Note that increasing percentage of payroll for the ARC, and how high that percentage is.
The teachers plan:
Oh lord, they did a pension obligation bond around 2008, didn’t they. Yup, sure did.
Connecticut’s pension fund for public school teachers also had suffered from decades’ worth of inadequate contributions. It had just 63 percent of its obligations funded in 2007 when the legislature and then-Gov. M. Jodi Rell approved Treasurer Denise L. Nappier’s plan to borrow $2 billion through bonding and deposit it into the pension fund.
The assumption was that the investment return on those borrowed dollars would average more than 8 percent annually over the next two decades, while the interest on the bonds would be just over 5 percent.
As part of its contract with the investors that bought Connecticut’s bonds, the state promised to make the full contribution recommended by teachers’ pension fund analysts for the life of the bonds.
“We were the only known pension fund with that policy at the time, ensuring full funding,” Nappier said, adding this bond covenant guarantee was crucial “to rid ourselves of the undisciplined actions of the past.”
Hmmm, wonder if that includes the pre-1984 teachers. I may be seeing a source for wanting to split off the pre-1984 plan if it includes the teachers. Of course, they may be only talking about the SERS plan for the split idea.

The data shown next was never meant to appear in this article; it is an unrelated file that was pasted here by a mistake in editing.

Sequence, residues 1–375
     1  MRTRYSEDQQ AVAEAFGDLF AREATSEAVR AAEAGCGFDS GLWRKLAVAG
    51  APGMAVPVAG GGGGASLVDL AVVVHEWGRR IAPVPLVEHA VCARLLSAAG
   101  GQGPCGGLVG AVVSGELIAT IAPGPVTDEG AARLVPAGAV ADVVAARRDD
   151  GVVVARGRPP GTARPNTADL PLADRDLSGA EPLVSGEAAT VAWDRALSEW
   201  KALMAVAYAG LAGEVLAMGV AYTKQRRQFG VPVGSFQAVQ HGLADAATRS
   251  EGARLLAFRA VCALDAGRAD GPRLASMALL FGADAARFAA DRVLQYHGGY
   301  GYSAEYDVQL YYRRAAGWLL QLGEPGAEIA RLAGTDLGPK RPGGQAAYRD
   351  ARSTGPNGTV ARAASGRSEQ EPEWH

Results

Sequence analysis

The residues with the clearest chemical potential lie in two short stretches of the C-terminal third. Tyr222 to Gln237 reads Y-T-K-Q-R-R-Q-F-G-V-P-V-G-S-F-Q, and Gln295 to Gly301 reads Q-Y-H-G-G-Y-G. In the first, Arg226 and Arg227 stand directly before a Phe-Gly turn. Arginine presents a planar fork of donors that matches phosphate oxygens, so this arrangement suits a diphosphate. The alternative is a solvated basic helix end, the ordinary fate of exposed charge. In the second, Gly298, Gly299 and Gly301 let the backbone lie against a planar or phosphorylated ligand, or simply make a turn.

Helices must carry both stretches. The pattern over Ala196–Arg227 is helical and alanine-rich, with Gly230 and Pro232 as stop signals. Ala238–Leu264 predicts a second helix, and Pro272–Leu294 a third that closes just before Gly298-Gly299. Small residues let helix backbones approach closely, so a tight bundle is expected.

And the final of the three, the municipal plan, which has less data:
Given those great contribution histories, let’s take a look at the funded ratio results:
Observation: they are supposedly regularly making full or more-than-full contributions (with the POB), with only a few contribution shortfalls for this period.
And yet the funded ratio doesn’t noticeably improve. And the ARC as a percentage of payroll is climbing.
What could be driving that?
THE KEY: TOO-HIGH RETURN ASSUMPTION
Checking the three CT plans in the Public Plans Database, I see some incredibly high return assumptions. I’m not sure why the return isn’t in there for each year, but it’s pretty clear that the most recent valuation assumptions:
- CT Municipal: 8% (2013)
- CT SERS: 8% (2014)
- CT Teachers: 8.5% (2014)
Holy crap, that’s high.
But that does explain why, even with years of paying officially 100% contributions, they keep losing ground in funded status. For all I know there are other assumption problems, such as salary scale assumptions or mortality, but the higher the discount rate, the less any of the other assumptions have an effect.
A report expected next week on reforming Connecticut’s state employee public pension system will recommend cutting the annual expected rate of return by 1 percentage point to 7 percent, a lead researcher told Reuters on Friday.
The lower return forecast means the state may have to contribute more money to the pension system. The report was commissioned by Connecticut’s Office of Policy and Management (OPM) and prepared by analysts at the Center for Retirement Research (CRR) at Boston College.